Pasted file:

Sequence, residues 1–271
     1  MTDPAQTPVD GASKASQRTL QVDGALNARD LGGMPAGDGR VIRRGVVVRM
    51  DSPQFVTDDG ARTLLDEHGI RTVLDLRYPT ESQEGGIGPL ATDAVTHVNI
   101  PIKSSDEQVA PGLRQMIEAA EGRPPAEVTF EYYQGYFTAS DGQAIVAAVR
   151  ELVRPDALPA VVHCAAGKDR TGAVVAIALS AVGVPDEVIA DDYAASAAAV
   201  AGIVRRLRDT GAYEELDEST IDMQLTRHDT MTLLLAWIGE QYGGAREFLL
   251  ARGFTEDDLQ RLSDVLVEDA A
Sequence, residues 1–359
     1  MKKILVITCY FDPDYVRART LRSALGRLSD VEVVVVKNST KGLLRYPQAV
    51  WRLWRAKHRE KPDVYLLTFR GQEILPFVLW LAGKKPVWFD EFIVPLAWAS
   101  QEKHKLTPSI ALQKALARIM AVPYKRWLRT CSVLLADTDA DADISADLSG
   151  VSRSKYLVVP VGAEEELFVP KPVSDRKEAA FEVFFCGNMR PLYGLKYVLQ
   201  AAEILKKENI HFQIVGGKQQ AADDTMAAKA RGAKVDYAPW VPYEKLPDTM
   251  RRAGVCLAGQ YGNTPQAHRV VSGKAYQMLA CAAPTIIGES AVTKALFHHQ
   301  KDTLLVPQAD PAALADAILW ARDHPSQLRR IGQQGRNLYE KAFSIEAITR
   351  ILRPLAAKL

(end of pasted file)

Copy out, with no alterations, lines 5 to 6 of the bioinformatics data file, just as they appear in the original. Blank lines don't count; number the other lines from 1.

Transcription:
   151  ELVRPDALPA VVHCAAGKDR TGAVVAIALS AVGVPDEVIA DDYAASAAAV
   201  AGIVRRLRDT GAYEELDEST IDMQLTRHDT MTLLLAWIGE QYGGAREFLL